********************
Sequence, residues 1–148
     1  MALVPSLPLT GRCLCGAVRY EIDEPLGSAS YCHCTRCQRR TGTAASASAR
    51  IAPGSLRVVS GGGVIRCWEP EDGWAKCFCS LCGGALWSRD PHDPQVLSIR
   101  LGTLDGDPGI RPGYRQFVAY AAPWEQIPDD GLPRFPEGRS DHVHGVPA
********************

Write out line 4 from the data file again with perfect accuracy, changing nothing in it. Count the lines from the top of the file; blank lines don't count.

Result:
   101  LGTLDGDPGI RPGYRQFVAY AAPWEQIPDD GLPRFPEGRS DHVHGVPA